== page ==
When describing my work at ThinkFun, I’m often asked where the ideas for our great games originate.
ThinkFun is incredibly fortunate to have expert puzzler Tanya Thompson as the Head of Inventor Relations! Tanya travels the world meeting with inventors, gathering prototypes, and determining which games are the best fits for the ThinkFun family.
Through our connections with these wonderful inventors, ThinkFun is able to consistently serve up a rich variety of new game challenges each year, and our latest release is one with a great story I’m excited to share! ThinkFun’s Swish is a multi-player card game that challenges players to mentally flip and rotate transparent card images to line up like colored balls and hoops – a serious spatial workout! Here’s a quick video to show you how its played:
As a former teacher, I’m particularly thrilled we produced this game because the inventors, Zvi Shalem and Gali Shimoni, are teachers themselves! Both from Israel, Gali has taught math for 20 years, while Zvi has taught math and physics for the past 10! Introduced to ThinkFun via a mutual friend and math specialist, these math educators develop materials and thinking games and travel the world speaking at math education conferences.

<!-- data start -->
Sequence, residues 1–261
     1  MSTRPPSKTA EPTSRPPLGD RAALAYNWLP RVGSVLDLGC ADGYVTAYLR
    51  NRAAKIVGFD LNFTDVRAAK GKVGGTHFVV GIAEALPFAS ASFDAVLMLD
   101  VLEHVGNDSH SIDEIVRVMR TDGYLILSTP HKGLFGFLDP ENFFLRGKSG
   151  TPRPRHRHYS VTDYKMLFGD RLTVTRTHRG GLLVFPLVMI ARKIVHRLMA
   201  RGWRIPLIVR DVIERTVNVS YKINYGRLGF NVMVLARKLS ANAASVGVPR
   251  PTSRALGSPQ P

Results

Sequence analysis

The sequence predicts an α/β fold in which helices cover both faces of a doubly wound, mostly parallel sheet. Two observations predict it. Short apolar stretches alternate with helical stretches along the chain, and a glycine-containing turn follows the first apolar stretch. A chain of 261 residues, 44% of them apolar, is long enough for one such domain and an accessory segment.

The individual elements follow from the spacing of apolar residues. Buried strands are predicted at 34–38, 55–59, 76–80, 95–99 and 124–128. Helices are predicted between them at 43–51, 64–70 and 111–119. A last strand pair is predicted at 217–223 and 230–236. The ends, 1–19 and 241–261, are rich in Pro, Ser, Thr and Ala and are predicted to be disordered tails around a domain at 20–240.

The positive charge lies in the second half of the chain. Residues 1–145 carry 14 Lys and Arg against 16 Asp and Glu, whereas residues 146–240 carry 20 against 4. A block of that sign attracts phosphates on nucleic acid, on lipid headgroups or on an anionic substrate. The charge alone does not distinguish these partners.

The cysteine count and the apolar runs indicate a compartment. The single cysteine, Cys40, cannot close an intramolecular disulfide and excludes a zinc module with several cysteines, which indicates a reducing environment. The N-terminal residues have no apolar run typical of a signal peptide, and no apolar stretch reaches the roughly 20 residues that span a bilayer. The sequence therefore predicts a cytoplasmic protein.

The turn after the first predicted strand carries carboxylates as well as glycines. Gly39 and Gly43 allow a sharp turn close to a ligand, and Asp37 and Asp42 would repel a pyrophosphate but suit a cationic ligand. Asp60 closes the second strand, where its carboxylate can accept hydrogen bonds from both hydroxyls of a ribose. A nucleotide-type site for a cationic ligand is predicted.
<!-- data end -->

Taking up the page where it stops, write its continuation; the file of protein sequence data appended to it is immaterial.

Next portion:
To further support the educational backing behind this great brain challenge, Swish was recently shared with Professor Nurit Yirmiya, Ph.D. in Developmental and Clinical Psychology at The Hebrew University of Jerusalem! Here’s what she had to say:
This game is appropriate for the young and old. But what will it develop? What will you achieve?
Sequential thinking – thinking what comes before and what comes after, because you need to plan ahead and hold a sequence of moves in your mind. Sequential thinking is an important component of intelligence.
Working memory – an important component of learning and memory – actively manipulate and monitor information – once you have the plan – you have to remember it.
Perceptual perspective taking – because you develop expertise in manipulating the cards in your mind visualizing how they could fit if turned over and/or rotated.
Selective attention to spatial relationships and matching of shapes and colors – strengthening the ability to resist the temptation of acting before thinking
Creativity – there are just so many different ways to create the triads – let your imagination free to examine the various possibilities.
Have you played Swish or other great card games with your kids or students? Which are your favorites – and what brain benefits do you observe during play?!